The revival of the growler (and beer-filled milk bottles, CANimals, PET bottles, and your late aunt's favourite vase, for that matter) was one of the standout features of the first COVID-19 lockdown. The desire of brewers and venue owners to get keg beer into punters' hands saw sales rocket and growlers become like gold dust.
Given delays in bringing fresh supplies to these shores, there were many cases where businesses were opening their doors again before their shipment finally arrived. So, while the situation in much of Victoria is undeniably shite, at least Lockdown Mk II is giving people a chance to fill and sell growlers again.
This time around, that includes the team at Bright Brewery, who may well be setting a record for long distance home growler delivery. From this week, drinkers in Melbourne can order from a selection of beers previously destined for taps and have them dropped at their doorstep by the brewery's sales manager Evin Craney – renamed Mr Frothy due to the role he took on as beer-ice-cream-man when the brewery started adapting its operations as a means of #keepinglocalalive in March.
He says that during Lockdown Mk I their home deliveries across Melbourne took off far better than expected so this time around they were looking for a fresh approach.
“We initially thought the home delivery would be a single day a week and it ended up being six days a week for about two months," Evin (pictured above) says.
“We wanted to shift the model and knew people had had a taste for pubs and then that was gone all of a sudden.”
It also allowed the Bright team to turn a brewery-wide joke into a reality.
“Because the van I drive is bright orange and labelled, and me dropping beers off at houses, I made the joke one day that I was the Mr Whippy of alcohol,” Evin says.
It led to Bright’s marketing manager Laura Gray giving him the name Mr Frothy and, subsequently, their decision to launch the direct-to-home growler service. Head brewer Reid Stratton has since created four specialty releases for the service – a means of recreating the feeling of heading to your local for a new release – with more to come.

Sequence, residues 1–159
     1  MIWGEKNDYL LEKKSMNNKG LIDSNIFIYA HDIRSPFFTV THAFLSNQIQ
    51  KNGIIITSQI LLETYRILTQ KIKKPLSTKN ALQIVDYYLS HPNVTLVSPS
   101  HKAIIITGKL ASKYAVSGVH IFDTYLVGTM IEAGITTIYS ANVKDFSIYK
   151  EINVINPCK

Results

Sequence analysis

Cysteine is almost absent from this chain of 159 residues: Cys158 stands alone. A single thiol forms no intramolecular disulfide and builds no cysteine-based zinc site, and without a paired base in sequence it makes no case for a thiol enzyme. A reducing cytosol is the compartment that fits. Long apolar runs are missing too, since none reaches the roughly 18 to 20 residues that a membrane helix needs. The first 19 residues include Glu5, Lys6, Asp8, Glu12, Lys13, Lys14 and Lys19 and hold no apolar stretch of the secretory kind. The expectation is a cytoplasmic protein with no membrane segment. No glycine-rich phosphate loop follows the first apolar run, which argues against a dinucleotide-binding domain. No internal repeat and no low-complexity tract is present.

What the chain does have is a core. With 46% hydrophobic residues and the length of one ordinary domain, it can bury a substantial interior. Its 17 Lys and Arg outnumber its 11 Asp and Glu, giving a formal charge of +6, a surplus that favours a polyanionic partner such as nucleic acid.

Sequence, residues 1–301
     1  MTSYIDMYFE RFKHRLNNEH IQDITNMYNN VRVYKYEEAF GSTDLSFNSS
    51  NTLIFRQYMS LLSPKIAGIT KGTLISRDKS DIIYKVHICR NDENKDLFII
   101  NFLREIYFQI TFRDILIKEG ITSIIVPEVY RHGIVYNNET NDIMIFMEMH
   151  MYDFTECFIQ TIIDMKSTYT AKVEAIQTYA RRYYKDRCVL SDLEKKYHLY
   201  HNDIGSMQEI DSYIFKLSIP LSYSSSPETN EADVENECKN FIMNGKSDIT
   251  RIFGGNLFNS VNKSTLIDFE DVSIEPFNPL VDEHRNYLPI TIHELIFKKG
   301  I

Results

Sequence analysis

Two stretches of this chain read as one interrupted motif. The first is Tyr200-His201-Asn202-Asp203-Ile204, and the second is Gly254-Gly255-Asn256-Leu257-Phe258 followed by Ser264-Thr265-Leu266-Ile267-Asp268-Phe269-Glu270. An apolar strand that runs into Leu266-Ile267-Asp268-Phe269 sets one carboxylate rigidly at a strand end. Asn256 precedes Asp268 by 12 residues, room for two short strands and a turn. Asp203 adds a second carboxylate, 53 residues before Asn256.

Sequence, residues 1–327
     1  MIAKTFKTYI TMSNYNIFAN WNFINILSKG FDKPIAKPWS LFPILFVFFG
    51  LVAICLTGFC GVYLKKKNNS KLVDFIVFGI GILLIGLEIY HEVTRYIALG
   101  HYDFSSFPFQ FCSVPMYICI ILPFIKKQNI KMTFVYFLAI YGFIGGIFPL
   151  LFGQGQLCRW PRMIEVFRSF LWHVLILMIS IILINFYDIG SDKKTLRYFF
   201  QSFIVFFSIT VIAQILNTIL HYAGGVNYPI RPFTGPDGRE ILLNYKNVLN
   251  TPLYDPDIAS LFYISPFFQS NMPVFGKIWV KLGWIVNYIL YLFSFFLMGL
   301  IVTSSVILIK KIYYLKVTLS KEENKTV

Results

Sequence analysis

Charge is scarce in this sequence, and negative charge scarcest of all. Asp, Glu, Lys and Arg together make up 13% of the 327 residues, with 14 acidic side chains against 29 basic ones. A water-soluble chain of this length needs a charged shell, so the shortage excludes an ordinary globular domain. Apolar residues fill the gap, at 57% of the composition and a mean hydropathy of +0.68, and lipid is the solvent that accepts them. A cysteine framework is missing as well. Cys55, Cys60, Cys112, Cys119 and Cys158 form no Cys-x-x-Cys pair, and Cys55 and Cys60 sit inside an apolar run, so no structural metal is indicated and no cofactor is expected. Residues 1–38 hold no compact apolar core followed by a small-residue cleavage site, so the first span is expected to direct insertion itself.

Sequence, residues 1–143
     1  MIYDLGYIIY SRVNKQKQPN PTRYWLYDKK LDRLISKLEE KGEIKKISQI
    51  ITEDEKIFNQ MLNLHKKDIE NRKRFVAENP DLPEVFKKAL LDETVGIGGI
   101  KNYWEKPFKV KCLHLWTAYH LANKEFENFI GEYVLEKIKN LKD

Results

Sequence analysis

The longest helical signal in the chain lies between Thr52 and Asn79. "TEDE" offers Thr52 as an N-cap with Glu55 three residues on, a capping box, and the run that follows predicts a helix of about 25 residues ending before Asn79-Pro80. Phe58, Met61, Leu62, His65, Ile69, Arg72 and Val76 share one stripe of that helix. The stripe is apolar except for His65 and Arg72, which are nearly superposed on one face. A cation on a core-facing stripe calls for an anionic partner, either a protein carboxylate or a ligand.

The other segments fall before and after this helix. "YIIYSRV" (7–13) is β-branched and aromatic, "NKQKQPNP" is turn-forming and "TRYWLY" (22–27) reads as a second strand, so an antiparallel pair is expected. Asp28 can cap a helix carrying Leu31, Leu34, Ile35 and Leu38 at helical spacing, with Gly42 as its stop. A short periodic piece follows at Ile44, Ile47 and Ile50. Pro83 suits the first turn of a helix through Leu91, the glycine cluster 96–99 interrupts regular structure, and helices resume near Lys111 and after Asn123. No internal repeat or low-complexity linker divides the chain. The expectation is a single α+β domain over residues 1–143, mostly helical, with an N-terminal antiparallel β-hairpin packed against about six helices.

“Part of what’s lost in COVID is both going to the pub but also having to go somewhere that you can only get that beer in that spot,” Evin adds.
Back at the brewery's home base in the Victorian High Country things remain quiet, as they have been since the bushfires hit the region at the start of January. That led to them closing their doors for a few days, then re-opening for a few, then closing again, thus ravaging what's usually their busiest time of the year.
Then, as with their peers in the popular tourist region, just as they were ramping up for Easter COVID-19 led to the first lockdown. And now they're faced with a lack of visitors to the region plus a limit of 20 customers at a time indoors and outdoors – a mere eight percent of their capacity.
It means their decision over the past couple of years to focus on wholesale more than they had done in a decade has been timely, with strong sales outside the venue helping keep them afloat.
"The venue has been closed for about 70 days [this year]," Laura says. "With such a big venue, even to lose one or two days is a massive hit for us. We probably wouldn't have survived without wholesale [going so well for us] this year."
She says they enjoyed a significant boost to online sales during the first lockdown, something that's started to rise again in the past couple of weeks as traffic from Melbourne and NSW border regions has dried up.
"We've had a lot of cancellations from people that have had to cancel their trips, but we're getting a lot of support from locals and from other regional Victorian tourists, and it's good to be open," Laura adds.
As for the impact on the wider region – one that's home to a cluster of small breweries, some that have only opened in the past 12 months – she says it's been "a really tough year".
"This region relies so heavily on visitation. Every time we think we're about to turn a corner, something else happens. People are generally pretty positive and just keep going and winter is traditionally quieter in the region. But if we have another summer that's not that busy, people don't really know what's going to happen."
In the meantime, Mr Frothy and his growlers will play a role in keeping beer moving from the brewery and cash going in the other direction. Each week, a selection of kegs will be sent to Evin in Melbourne to be packaged into the growlers and dropped on people's doorsteps on Thursdays and Fridays, with the cut-off for orders on Wednesday night.
Customers can order within the same radius he was covering in the first lockdown: a 40 kilometre ring around Melbourne. And Evin says this time around he has an even better knowledge of Melbourne’s streets.
“There’s a bit more of a game plan here and the main thing I wanted is that, when I fill your growler, you get it that day.”
Acting more as a local milkman than Mr Whippy driver, beer buyers will have the chance to leave their growler out each week so Evin can swap it and get it safely cleaned too.
“That’s probably the hardest part of the process at the moment, but we’re basically treating it as a swap and go system.”
As part of the #keepinglocalalive campaign we're running Postcards from the Edge stories, highlighting the ways in which people are adapting to survive. If you've got a story you think is suitable – or have something to add to the campaign resources online – get in touch.
You'll find a detailed rundown of how Victorian breweries and venues are adapting to Lockdown II here and can drop us a line if you want to be added.